While filling out funding applications this past summer, International Studies and Biology senior Victoria Marie Lucas was asked the question, “What does a girl who travels mean to you?” After this past summer, Lucas said she has a better answer to that question. As one of twelve students to attend the University of London, Royal Veterinary College with the CGIS STEM Research program, Lucas studied the impacts of a new drug on mice that were induced with osteoarthritis (OA) to study how it affected the progression of the disease.
According to the Mayo Clinic, OA is the most common form of arthritis, with millions of cases worldwide. OA occurs when the cartilage that prevents your bones from rubbing together, particularly in your hands, knees, hips, and spine, wears down over time, resulting in pain, stiffness, bone spurs, and more.
Lucas’ research project was on the antioxidant Sulforadex (SFX-01), a stable form of Sulforaphane which can be found naturally in cruciferous vegetables. By gradually increasing the concentration of SFX-01 that was administered to cells from mice tissue and examining their impacts on bone formation, her group found that the drug can help strengthen bones, keeping them from degrading as fast without cartilage to soften their contact.
By researching OA at a veterinary college with mice as test subjects, Lucas learned about the role animal test subjects play in developing life-altering drugs for humans down the line.
“Normally when you think about veterinary medicine, people forget that you can learn so much from an animal that applies to humans as well. Being a part of a project that starts off in a mouse, but may one day be a long-term, therapeutic drug for a human was awesome,” Lucas said.
Speaking on the impact that these findings could eventually have, Lucas said the drug has already met the Phase II requirements of clinical trials, suggesting that more studies using SFX-01 are able to occur with human subjects in the future. This project was incredibly important for Lucas, as her mother has chronic arthritis. Her mother’s chronic arthritis inspired her to help with research to prevent future cases of OA and provide patients with an affordable alternative treatment as opposed to invasive surgeries.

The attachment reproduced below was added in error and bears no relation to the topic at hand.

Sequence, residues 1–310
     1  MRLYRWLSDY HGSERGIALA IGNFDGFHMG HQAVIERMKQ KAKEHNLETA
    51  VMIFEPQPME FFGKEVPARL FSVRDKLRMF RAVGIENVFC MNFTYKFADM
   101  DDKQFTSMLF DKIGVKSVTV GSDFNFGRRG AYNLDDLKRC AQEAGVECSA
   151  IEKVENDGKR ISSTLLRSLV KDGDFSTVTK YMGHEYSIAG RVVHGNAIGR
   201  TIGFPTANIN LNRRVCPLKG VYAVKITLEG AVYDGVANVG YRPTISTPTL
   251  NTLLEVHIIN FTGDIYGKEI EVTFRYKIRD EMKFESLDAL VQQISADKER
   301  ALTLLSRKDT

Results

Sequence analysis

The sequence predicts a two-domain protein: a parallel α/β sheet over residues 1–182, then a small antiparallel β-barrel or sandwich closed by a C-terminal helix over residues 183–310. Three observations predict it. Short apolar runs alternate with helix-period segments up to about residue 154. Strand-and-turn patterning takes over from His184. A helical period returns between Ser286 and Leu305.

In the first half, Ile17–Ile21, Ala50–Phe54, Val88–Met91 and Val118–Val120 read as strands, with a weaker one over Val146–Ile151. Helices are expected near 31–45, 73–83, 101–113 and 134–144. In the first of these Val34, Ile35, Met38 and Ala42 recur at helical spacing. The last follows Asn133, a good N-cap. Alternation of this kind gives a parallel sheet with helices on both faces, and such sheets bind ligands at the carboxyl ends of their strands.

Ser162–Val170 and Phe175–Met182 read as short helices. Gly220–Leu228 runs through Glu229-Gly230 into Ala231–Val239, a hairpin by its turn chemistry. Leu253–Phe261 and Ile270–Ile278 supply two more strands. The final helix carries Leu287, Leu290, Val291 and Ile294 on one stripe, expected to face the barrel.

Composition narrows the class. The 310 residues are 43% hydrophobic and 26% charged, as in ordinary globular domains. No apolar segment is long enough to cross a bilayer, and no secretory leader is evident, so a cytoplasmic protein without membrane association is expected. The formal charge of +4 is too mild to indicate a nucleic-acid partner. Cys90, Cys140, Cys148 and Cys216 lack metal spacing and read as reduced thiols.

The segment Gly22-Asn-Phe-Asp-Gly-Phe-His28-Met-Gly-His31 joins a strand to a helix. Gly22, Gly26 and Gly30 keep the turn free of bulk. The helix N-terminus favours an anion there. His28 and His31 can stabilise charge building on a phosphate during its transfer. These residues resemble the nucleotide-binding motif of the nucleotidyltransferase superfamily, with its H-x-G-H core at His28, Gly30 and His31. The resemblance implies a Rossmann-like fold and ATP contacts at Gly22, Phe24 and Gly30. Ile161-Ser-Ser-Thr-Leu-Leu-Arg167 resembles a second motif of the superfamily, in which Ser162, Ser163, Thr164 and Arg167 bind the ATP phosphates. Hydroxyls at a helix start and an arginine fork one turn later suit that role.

“I’ve gone with [my mom] to some of her appointments after she’s gotten a scope done on her knees … [The scope] is them flushing out all that fluid that builds up and any debris from bone that has shattered against the other. The needle that goes into that area is large and undoubtedly painful, but the only alternative [if you qualify based on your age] is to have a full knee replacement done … Not everyone can afford that type of invasive treatment. With this drug, it’s an opportunity for preventative medicine,” Lucas said.
Having lived in London for three years, before enrolling at the University of Michigan, Lucas knew how to get around the city, which is a common concern for first-time travelers. However, Lucas said finding support systems as a woman of color in a foreign country can be difficult.
“Being a woman of color in a laboratory setting and having to accept being one the only one, while not being discouraged was challenging. In my cohort, there were 12 of us, which is already very small, but out of that 12, only two of us were African American women. It’s not ideal but it was nice having another person to lean on considering we were in an entirely different culture,” Lucas said.
As far as next steps, Lucas plans to take a gap year before applying to medical school. She hopes to continue working as a lab research assistant, complete a Masters of Science in Clinical Research or Pharmacology before attending medical school to pursue her career in Pathology.
“[Pathology] is the perfect combination of consulting with patients as well as being in a lab that I want as a long-term career,” Lucas said.
Lucas was awarded a Program in International and Comparative Studies (PICS) Summer Research and Internship Grant to help offset the cost of travel and housing while working in another country. PICS offers funding opportunities to U-M International Studies students to encourage them to participate in a study, research, or internship experience abroad to embrace the PICS mission of "learning that transcends borders."